Finally restored as it should be (although still without bomb racks or ordnance), the first FJ-4B Fury is seen here at the Pima Air and Space Museum, Tucson, Arizona, in late 1999. This aircraft spent its life as a test aircraft and has been repainted in the colours and markings it wore while conducting 'Buddy’ refuelling tests at Naval Air Station Patuxent River, Maryland, in the 1950s.
A hoax bomb-warning, found in the toilet of BA 747-400 G-BYGB, resulted in an emergency landing at Berlin Tegel on September 22, 1999. The aircraft, seen with a British Regional ERJ-145, landing on a service from Manchester, later continued its flight to Hong Kong.
Royal Air Cargo has recently acquired Boeing 727-171 C-FPXD (c/n 76658) for parcel operations out of Toronto, Canada. The dark blue-painted aircraft was built in 1968.
Hawaiian Airlines has announced its intention to order Boeing 717s.
An autumn backdrop for No 133560, an ET-133 of No 414 Sqn, CF, a type which now has a retirement date.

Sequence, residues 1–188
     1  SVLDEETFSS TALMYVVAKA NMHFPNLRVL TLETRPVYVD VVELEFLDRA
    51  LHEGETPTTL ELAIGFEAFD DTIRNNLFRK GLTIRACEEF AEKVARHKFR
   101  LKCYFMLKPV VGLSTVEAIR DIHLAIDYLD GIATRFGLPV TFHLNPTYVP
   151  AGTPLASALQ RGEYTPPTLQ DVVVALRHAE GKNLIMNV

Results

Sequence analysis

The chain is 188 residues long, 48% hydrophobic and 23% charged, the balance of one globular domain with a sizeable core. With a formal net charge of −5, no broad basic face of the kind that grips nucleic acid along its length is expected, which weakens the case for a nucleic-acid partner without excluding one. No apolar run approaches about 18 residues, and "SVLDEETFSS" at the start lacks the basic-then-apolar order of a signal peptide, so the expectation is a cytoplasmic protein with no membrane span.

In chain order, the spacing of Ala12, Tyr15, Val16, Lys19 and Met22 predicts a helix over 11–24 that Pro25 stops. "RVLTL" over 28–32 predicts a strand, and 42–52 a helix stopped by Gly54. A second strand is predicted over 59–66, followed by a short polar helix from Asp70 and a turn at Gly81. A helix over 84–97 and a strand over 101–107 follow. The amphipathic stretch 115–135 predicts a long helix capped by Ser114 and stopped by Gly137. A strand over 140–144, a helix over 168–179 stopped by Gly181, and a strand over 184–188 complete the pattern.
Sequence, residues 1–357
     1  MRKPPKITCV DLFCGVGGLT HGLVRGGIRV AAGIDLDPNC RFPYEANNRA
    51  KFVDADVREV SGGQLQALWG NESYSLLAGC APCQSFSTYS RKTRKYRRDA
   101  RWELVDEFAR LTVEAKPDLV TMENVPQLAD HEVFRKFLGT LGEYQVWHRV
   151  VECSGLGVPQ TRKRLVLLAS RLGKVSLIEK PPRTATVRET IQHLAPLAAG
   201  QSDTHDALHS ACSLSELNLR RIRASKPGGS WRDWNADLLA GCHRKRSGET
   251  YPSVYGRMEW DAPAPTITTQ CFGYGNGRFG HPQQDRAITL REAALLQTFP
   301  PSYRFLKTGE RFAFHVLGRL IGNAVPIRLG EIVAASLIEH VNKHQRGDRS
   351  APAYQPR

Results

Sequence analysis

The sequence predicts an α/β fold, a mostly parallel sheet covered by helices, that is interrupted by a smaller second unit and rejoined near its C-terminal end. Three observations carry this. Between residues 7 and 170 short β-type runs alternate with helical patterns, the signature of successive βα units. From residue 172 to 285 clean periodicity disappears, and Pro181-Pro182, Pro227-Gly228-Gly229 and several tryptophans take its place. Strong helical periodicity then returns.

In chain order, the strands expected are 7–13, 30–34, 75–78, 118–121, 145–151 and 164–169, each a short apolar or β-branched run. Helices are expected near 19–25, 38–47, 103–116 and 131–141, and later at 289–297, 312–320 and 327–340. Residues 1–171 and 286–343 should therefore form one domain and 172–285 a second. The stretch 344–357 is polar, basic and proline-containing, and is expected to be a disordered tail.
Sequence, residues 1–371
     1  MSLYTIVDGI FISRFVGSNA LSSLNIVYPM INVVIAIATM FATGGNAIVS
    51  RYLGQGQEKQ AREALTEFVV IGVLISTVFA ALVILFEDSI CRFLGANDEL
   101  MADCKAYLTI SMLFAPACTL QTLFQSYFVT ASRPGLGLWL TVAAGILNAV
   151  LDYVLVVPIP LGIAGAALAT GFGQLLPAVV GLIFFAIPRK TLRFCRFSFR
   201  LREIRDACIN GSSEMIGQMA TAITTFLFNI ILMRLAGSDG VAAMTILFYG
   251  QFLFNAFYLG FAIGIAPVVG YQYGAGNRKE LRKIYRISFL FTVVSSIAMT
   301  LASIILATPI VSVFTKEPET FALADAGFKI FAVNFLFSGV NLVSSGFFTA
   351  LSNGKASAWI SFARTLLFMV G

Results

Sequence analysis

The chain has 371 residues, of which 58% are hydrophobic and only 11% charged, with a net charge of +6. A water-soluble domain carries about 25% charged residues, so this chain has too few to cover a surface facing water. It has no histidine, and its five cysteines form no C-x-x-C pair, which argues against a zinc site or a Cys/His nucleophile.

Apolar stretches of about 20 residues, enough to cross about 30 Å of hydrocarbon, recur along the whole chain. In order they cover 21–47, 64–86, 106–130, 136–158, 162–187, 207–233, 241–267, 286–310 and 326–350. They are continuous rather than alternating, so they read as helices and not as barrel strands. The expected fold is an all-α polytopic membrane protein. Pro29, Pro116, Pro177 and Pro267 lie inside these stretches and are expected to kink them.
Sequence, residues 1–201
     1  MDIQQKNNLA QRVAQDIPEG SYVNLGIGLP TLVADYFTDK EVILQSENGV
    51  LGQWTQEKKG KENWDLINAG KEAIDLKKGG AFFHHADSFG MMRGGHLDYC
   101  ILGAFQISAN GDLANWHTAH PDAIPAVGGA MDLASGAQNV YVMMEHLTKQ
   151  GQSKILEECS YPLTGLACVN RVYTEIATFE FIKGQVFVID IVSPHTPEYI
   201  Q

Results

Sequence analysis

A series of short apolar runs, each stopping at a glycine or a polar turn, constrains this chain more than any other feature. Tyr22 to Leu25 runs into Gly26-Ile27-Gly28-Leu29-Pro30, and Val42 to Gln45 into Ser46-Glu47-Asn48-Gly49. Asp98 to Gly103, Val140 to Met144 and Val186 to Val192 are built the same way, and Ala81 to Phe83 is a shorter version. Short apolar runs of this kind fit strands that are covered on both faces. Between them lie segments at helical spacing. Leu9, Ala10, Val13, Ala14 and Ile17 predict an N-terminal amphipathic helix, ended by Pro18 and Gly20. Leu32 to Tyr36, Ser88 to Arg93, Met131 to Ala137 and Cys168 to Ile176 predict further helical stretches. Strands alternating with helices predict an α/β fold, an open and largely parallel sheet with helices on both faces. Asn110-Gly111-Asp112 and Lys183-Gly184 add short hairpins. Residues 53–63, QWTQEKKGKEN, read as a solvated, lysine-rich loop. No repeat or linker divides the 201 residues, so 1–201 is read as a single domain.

Boeing 767-300ER OE-LAZ was delivered to Lauda Air on August 9, 1999, and is the seventh 767 in the fleet. It is configured to hold 36 passengers in business class and 209 in economy, and has a state-of-the-art inflight entertainment system. On August 30, the aircraft departed on an 11-day around-the-world flight for 100 winners in a German newspaper competition.
Algerian start-up operator Antinea Airlines has acquired Boeing 737-200 7T-VVA, seen taxying out at Le Bourget in August 1999.
British Aerospace Aviation Services (BAeAS) delivered its 25th Airbus A300B4 freighter conversion at Filton on October 6, 1999. The aircraft was the second of six for DHL Worldwide Express. The current BAeAS orderbook is for 49 aircraft and 19 options, of which 25 have been delivered.